Macrowine 2021
IVES 9 IVES Conference Series 9 The valorization of wine lees as a source of mannoproteins for food and wine applications

The valorization of wine lees as a source of mannoproteins for food and wine applications

Abstract

AIM. Wine yeast lees constitute a winemaking by-product that, unlike grape skins and seeds, are not sufficiently exploited to add value to the winemaking sector, as their treatment and disposal generally represents a cost for wineries [1]. Recently, some valorization strategies proposed the integrated extraction of ethanol, polyphenols, and tartaric acid, while only a few studies investigated ways to exploit the remaining wine lees’ yeast biomass. In particular, no studies attempted the extraction of mannoproteins (MPs), yeast cell wall polysaccharides with known foaming, emulsifying and wine-stabilizing activities [2], from the wine lees’ yeast biomass. To fill this gap, this research aims at developing an efficient and food-grade method for the extraction of yeast MPs from commercial wine lees, and to test the obtained extracts as wine stabilizers, foaming agents, and food emulsifiers.

METHODS. Several protocols were studied to extract MPs from wine lees. Ultimately, commercial wine yeast lees were extracted at pH 3.4 using an autoclave-based treatment (121°C, 20 min). The obtained MPs extracts were characterized by SEC-HPLC, SDS-PAGE or CI-ELLSA [3]. The functionalities of the MPs’ extracts were tested in wine by assessing their foam-promoting ability and their stabilizing potential against protein and tartrate instabilities. Additionally, MPs extracts were tested as emulsifying and foaming agents in model food matrices. The results were compared to those obtained using commercial MPs-based products and/or MPs extracts from pure cultures of the same yeast strains.

RESULTS. Among the extraction protocols tested, the autoclave emerged as the best performing in terms of extract’s effectiveness and, therefore, it was selected for the subsequent extractions. Firstly, MPs obtained from white winemaking lees positively impacted both wine’s foaming properties (+260% height; +360% stability) and tartrate stability (-11%) compared to untreated wine samples. Conversely, the extracts were ineffective in stabilizing wine against protein haze formation [4]. Subsequently, MPs extracts obtained autoclaving red and white wine lees and tested in model food matrices showed encouraging emulsifying activity (≃55% emulsion stability) and foaming properties (stability >3h). In this case, the extract from red wine lees performed better than its analog derived from the same yeast strain grown in the laboratory, thus suggesting a possible impact of wine polyphenols in enhancing the surfactant action of MPs [5].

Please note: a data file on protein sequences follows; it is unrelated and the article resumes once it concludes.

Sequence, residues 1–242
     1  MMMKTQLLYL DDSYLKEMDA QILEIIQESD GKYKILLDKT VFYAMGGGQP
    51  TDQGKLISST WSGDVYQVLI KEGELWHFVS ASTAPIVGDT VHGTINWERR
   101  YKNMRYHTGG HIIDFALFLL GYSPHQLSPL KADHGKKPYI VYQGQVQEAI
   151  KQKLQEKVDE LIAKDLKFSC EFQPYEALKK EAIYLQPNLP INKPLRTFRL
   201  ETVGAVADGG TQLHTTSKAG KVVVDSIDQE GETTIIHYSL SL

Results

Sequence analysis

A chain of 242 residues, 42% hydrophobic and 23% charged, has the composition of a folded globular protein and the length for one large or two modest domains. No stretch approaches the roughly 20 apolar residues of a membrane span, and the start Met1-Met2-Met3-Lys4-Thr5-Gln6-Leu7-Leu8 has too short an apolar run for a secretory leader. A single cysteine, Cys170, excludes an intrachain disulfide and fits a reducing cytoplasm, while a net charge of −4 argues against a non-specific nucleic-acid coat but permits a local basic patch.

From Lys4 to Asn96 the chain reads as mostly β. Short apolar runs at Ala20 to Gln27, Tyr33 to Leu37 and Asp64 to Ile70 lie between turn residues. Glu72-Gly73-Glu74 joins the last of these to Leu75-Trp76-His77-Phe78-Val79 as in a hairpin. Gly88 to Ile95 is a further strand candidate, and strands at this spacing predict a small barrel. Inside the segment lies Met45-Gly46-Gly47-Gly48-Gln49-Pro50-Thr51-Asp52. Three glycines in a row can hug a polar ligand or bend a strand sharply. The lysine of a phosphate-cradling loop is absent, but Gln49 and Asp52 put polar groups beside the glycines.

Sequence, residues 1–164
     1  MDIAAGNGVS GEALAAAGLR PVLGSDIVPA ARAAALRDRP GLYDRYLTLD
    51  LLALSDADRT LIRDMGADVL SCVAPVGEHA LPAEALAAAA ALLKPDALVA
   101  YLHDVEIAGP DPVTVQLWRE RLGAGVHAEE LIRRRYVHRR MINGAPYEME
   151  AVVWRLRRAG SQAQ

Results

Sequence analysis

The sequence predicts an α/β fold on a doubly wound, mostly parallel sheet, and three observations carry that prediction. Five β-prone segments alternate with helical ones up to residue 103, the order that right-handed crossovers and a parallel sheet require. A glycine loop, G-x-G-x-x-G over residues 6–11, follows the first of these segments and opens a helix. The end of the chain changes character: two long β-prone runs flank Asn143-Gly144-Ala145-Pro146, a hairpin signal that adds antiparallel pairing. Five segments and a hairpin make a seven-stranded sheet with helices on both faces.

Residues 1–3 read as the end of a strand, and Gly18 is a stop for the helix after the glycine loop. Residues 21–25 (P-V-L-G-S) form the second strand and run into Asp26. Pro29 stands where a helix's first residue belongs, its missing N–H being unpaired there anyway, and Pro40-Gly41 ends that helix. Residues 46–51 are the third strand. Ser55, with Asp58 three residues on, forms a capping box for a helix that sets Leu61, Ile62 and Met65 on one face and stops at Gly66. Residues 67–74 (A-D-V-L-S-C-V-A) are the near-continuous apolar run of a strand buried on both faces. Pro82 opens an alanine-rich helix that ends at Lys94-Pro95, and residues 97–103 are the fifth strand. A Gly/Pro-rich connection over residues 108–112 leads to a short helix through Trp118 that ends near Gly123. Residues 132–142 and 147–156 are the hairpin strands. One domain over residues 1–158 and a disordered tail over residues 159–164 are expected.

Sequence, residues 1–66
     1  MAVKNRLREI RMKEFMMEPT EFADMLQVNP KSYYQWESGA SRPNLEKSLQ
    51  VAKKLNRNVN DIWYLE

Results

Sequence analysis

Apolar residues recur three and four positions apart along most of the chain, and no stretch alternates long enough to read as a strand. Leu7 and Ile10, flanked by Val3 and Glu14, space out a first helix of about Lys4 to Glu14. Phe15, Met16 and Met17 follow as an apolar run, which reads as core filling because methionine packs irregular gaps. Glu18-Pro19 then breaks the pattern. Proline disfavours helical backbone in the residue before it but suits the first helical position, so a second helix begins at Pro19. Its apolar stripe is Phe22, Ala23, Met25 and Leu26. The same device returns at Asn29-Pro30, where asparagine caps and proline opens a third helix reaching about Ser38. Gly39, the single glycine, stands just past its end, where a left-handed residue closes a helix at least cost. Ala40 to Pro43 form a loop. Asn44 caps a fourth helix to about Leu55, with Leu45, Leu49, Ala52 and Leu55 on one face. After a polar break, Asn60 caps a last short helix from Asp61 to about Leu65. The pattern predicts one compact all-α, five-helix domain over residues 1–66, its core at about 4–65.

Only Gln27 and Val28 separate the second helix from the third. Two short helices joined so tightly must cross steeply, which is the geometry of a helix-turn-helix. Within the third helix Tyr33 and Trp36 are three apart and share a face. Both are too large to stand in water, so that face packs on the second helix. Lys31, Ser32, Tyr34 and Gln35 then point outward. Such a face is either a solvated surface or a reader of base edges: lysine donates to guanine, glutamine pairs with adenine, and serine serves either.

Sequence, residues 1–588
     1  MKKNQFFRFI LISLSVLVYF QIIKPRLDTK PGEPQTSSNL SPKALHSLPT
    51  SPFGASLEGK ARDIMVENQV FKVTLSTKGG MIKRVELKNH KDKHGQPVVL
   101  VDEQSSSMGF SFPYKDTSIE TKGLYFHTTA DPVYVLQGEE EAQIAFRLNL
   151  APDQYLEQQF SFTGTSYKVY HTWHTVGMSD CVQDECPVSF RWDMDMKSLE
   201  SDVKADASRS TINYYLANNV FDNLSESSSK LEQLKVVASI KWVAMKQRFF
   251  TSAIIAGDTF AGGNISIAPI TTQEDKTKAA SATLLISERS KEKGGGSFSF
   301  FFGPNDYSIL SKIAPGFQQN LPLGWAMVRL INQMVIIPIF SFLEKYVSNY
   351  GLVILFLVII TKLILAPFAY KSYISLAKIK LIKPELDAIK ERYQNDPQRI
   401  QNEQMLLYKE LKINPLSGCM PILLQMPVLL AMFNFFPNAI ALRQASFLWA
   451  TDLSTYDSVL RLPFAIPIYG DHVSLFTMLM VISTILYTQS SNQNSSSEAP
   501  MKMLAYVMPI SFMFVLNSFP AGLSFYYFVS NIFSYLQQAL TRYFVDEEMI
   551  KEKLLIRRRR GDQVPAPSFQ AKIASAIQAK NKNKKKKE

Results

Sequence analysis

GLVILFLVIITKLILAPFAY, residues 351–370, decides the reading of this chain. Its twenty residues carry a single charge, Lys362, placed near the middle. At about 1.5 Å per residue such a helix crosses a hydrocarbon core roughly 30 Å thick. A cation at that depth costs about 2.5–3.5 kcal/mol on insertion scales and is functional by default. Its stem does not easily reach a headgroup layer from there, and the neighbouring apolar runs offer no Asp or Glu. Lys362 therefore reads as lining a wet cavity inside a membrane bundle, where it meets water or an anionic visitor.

CONCLUSIONS

The extraction of MPs from wine lees with a simple and food-grade autoclave-based method can represent an effective valorization strategy that, if integrated with the already available techniques to recover ethanol, tartaric acid, and polyphenols, would result in a better exploitation of this by-product with a consequent improvement of the environmental and economic sustainability of the wine industry.

DOI:

Publication date: September 7, 2021

Issue: Macrowine 2021

Type: Article

Authors

Alberto De Iseppi

Department of Agronomy, Food, Natural Resources, Animals and Environment (DAFNAE), University of Padova, Italy, Andrea CURIONI1,2; Matteo MARANGON1; Giovanna LOMOLINO1; Simone VINCENZI1,2; Benoit DIVOL3

¹ Department of Agronomy, Food, Natural Resources, Animals and Environment (DAFNAE), University of Padova, Italy
² Centre for Research in Viticulture and Enology (CIRVE), Conegliano, Italy
³ South African Grape and Wine Research Institute, Stellenbosch University, South Africa

Contact the author

Keywords

wine yeast lees, by-product valorisation, mannoproteins, stability, foam, emulsion

Citation

Related articles…

Recent advances in our understanding of the impact of climate change on wine grape production

According to the last IPCC report, the scale of recent climate changes are unprecedented over many centuries. Each of the last four decades has been successively warmer than any decade since 1850. Projections for the future foresee that temperature could reach +3.3°C to +5.7°C under the most pessimistic scenario. It is also projected that every region will face more concurrent and multiple changes in climatic impact-drivers. The frequency of extreme climate events is also likely to increase, as well as the occurrence of indirect constraints. These evolving climatic conditions are alrealdy affecting and will continue to affect the suitability of traditional wine grape production areas, but also create opportunities in new locations.